Temperate forests play an important role in the global carbon cycle by sequestering atmospheric carbon dioxide and storing above-ground and below-ground carbon. Quantifying these carbon (C) pools and fluxes is critical in understanding temperate forests’ relevance in reversing global warming. As forests age, tree growth is one of the primary ways in which carbon accumulates. Therefore, by measuring tree growth, an increase in forest carbon stock over time can be evaluated. The changes in C stocks were calculated over 22 years in 20 study plots located in the Pennsylvania Game Commission Lands 176. The 20 plots were measured with identical surveying techniques in 1997 and 2019 to compare the change in above-ground C over the last 22 years. Trees with greater than 11 cm diameter at breast height (DBH) were used in allometric equations to estimate above-ground wood carbon (Chojnacky et al 2013). Tree stem carbon estimates and leaf litter values from similar forest sites (Aber 1993) were added to yield an estimated Above-ground Net Primary Productivity (ANPP) for each site. As a result, an average ANPP value of 0.540 kg/m 2 /yr predicts the forests’ tree growth and subsequent increase in C stock since 1997. In addition, plots 16,17, and 18 were surveyed in 2019 to estimate the forests’ current below-ground C stock. An average carbon per unit area of the O- Horizon and A-Horizon soil layers were estimated at 1.88 kg/m 2. However, these values are a small representation of the forest carbon cycle in Northeastern U.S. Temperate Forests. Significant forest C datum is missing within the scientific community, therefore further research must be conducted to establish a proper assessment of the US regional carbon cycle. Since forests serve as large carbon sinks, estimating the most accurate total carbon sequestration in temperate forests is essential in reversing global warming.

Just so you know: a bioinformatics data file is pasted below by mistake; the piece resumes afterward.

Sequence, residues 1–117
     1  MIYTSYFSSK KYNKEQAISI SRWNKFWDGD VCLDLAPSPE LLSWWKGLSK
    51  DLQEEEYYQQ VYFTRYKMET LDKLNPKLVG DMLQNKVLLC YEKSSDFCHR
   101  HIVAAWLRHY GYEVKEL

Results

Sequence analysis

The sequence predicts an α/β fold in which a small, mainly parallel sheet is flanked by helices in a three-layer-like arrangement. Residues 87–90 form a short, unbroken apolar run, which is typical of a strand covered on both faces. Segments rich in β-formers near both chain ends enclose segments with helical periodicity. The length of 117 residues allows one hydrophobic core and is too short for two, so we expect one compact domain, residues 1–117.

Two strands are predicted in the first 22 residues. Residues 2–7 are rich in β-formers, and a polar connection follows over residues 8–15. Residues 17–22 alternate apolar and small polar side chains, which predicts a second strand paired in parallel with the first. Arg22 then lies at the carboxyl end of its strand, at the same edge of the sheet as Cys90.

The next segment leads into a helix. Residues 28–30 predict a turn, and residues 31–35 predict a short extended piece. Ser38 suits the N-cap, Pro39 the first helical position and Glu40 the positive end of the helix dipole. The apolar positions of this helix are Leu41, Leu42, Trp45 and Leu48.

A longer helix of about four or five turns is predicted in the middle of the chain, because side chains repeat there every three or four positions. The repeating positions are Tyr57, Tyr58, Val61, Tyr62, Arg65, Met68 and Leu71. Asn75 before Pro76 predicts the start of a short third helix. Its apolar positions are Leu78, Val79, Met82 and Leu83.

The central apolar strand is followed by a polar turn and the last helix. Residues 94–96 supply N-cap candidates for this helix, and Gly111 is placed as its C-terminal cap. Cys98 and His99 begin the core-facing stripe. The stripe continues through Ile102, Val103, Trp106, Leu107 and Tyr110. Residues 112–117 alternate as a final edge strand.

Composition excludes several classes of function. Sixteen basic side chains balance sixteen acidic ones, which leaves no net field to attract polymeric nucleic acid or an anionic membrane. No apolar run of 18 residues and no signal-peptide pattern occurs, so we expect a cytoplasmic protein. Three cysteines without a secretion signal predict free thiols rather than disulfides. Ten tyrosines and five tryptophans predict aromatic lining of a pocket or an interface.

Monday Poster Session
Related Conference Themes